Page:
A health care organization will be held liable if a nurse continues to inject a solution into a patient after noticing its ill effects. Once something is observed to be wrong with the administration of the medication, the nurse has a duty to discontinue its use.


The blood donor in Brown v. Shannon West Texas Memorial Hospital, 222 S.W. 2d 248 (Tex. 1949), sought to recover from a serious injury allegedly caused by the use of a nonsterile needle. The court held that the burden of proof was on the plaintiff to show, by competent evidence, that the needle was contaminated when used and that it was the proximate cause of the alleged injury. The mere proof, said the court, that infection followed the use of the needle or that the infection possible could be attributed to the use of an unsterile needle was insufficient. If the plaintiff had been able to prove the needle was not sterile, then the plaintiff would have recovered damages.

It is of utmost importance to check each patient's name bracelet before administering any medication. To ensure that the patient's identity corresponds to the name on the patient's bracelet, the nurse should address the patient by name when approaching the patient's bedside to administer any medication. Especially in nursing homes and hospitals where there may be more than one patient in a room, this is exceptionally important. Should the nurse unwittingly administer one patient's medication to a different patient, the attending physician should be notified and appropriate documentation placed on the patient's chart.

Any adverse reactions to a medication should be charted on the patient's medical record. The attending physician and the facility's pharmacy should be advised as to the patient's allergic reaction.

A nurse normally has a duty to monitor and ensure that a patient is taking their medications. A failure to perform this act can lead to nursing negligence on the part of the nurse.


There is a checklist every nurse should learn called the "Seven Rights of Medication." If this checklist is memorized and followed in every case, medication errors would be significantly reduced or eliminated altogether. Every nurse and nursing student should memorize this list and go through it in her mind every time a patient is administered a medication by the nurse. Always check for and confirm:

1. The right medication;
2. The right patient;
3. The right dose;
4. The right time;
5. The right route;
6. The right reason; and
7. The right documentation;

The nurse may be the last wall of defense to protect a patient from a medication error. The nurse should avoid at all costs, being rushed, tired, inattentive, sloppy, or lazy. Guard at every turn against medication errors. For more information about nursing law, or to read more from the Nursing Law Manual, visit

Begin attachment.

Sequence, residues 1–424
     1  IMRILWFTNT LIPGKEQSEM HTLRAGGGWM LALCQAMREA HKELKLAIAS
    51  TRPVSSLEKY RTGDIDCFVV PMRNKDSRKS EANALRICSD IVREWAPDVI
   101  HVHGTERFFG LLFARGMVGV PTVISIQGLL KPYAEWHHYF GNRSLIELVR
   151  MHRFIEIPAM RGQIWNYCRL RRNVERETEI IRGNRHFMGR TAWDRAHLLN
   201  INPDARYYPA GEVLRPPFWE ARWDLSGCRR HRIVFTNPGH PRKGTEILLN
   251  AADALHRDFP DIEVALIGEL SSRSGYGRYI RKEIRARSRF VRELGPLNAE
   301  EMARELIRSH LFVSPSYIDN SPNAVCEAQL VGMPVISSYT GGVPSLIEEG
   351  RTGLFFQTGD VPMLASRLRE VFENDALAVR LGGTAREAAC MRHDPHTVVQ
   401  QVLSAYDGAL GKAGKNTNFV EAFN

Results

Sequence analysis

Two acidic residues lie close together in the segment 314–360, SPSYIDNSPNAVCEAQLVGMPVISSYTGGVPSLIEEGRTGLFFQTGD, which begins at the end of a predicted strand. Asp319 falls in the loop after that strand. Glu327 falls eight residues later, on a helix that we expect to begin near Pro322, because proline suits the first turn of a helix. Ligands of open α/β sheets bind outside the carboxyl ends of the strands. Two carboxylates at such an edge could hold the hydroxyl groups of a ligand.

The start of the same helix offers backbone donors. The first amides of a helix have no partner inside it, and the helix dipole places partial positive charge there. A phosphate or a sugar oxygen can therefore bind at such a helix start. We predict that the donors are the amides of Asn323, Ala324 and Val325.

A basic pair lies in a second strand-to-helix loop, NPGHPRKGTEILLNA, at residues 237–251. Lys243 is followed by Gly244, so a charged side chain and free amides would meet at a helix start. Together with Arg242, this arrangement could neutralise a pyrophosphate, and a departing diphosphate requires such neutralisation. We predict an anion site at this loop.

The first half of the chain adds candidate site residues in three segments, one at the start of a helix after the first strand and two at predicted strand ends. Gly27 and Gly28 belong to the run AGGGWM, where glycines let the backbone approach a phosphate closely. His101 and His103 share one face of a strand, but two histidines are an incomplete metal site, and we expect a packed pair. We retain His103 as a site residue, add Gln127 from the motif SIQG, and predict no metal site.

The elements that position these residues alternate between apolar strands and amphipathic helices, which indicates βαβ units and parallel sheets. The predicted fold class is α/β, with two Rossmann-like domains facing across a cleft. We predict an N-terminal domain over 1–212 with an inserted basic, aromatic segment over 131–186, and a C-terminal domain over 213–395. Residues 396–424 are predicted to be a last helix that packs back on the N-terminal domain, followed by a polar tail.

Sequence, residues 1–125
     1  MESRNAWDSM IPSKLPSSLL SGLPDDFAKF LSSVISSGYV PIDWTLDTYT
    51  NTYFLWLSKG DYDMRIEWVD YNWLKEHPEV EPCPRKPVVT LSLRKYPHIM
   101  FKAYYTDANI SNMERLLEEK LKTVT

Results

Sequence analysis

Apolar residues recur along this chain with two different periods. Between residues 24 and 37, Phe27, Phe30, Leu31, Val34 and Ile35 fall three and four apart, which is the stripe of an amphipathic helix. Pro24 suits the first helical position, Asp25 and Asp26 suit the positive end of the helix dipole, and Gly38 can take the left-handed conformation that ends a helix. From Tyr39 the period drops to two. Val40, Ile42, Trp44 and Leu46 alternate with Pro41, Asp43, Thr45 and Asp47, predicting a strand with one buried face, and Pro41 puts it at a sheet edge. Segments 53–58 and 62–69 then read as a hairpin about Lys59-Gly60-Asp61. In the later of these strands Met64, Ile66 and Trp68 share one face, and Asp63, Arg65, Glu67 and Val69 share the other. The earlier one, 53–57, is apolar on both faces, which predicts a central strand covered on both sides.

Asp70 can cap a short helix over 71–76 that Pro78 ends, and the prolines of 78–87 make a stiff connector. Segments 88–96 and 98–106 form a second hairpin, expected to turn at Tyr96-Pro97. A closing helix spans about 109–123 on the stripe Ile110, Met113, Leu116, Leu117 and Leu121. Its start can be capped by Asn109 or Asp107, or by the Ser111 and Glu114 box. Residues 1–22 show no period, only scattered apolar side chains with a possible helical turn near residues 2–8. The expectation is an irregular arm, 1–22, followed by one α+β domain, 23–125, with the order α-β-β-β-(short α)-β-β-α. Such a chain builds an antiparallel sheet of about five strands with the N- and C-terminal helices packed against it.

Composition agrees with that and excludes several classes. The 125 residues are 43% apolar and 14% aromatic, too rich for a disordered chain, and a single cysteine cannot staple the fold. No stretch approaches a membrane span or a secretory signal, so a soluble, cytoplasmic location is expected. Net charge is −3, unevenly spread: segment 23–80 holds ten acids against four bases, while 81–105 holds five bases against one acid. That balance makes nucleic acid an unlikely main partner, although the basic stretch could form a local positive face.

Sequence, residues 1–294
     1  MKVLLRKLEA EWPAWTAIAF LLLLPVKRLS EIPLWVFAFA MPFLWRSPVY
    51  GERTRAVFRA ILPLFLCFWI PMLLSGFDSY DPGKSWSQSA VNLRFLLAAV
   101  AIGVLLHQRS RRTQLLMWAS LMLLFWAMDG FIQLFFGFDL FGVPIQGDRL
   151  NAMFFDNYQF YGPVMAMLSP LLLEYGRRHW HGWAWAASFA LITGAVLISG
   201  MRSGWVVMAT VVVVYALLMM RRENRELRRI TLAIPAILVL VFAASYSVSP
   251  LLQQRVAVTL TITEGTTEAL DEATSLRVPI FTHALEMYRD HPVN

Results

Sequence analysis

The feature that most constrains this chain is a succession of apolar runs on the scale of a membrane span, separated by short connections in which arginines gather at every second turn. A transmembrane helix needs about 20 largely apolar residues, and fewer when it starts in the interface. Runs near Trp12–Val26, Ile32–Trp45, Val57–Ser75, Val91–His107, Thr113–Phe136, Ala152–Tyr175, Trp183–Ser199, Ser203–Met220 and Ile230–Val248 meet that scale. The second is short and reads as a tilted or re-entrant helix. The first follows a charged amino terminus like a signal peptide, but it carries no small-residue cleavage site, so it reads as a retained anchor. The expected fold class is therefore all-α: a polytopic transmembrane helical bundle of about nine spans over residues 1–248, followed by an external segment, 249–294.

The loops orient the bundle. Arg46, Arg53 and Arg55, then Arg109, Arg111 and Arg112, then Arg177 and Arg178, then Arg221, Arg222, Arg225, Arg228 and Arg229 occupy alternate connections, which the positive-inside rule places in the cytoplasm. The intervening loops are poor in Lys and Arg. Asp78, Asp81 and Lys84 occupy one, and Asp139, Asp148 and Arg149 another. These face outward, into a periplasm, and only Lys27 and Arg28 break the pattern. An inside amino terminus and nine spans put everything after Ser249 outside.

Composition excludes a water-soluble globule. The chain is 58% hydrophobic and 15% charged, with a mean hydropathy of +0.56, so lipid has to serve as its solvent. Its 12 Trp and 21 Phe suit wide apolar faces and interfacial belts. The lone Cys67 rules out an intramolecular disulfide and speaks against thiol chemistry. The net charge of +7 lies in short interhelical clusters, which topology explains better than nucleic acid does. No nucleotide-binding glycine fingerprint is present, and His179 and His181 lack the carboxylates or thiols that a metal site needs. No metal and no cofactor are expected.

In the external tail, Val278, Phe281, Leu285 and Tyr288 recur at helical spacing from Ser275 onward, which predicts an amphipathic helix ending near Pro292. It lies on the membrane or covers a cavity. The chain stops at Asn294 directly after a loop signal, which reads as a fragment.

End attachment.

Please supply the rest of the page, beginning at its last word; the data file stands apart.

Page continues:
Response to: Nurses Rx: Medication Administration
Thursday, November 22, 2012
Susan Abruzzi says:

How long can a nurse administer a long term medication from a RX in a Day treatment facility? For example Depakote is ordered at 12noon(although it is TID) the 12 noon is for day program The RX states give at 12noon. Family sends in 90 tablets, Rx written 11/ 20/12 with 1 refill.Is the order good for a year during the course of the day program? Or must we ask the family to get another RX by 1/20/12 even though the Dr is aware the med will be administered through out the year and the family sends in the medication as needed? Any changes in dosage or medication would be sent in by family.

Response to: Nurses Rx: Medication Administration
Friday, January 22, 2016
Debra Blocker says:

I'm just disgusted with health care providers right now. I was recently in Roanoke Carillon Memorial Hospital and was given phenergan by injection, AFTER TELLING THEM AND DIRECTING THEM TO READ MY NOTES IN THE COMPUTER, that I can't have it injected due to my anxiety and it raising my heart rate. I was ALREADY mostly sedated off of other meds they'd given, so I didn't notice until the panic began. Long story short, I jumped up in a panic. They tried grabbing me and I hit someone unintended. I was afraid. They called cops and had me charged as if I were just VIOLENT. Is that right?

Response to: Nurses Rx: Medication Administration
Monday, February 15, 2016
candance says:

Can a change an admin tome to 7am 2pm and 8pm if the doctor writes on the script take med every 8hour?

Response to: Nurses Rx: Medication Administration
Saturday, June 25, 2016
Brandy Dauphine says:

I have a question. I have a patient who had orders for 4 separate prn pain meds. (Apap, oxycodone, neurontin, and flexeril). A nurse at my facility is administering them all at once. Is this legal??

Response to: Nurses Rx: Medication Administration
Tuesday, May 8, 2018
Mary Crook says:

Is it negligent when a PCP tells patient he will escribe medication in and a nurse is responsible to fax it over to pharmacy but doesn't and patient having withdrawal with nenzo. Is nurse negligent for not following through?

Response to: Nurses Rx: Medication Administration
Wednesday, August 29, 2018
Jonathan says:

I need to know what the law says about who can lawfully administer controlled meds in a privately owned residential care facility. I work at a Rescue Mission in Missouri and the meds are currently administered by a resident, not an employee or a certified med tech.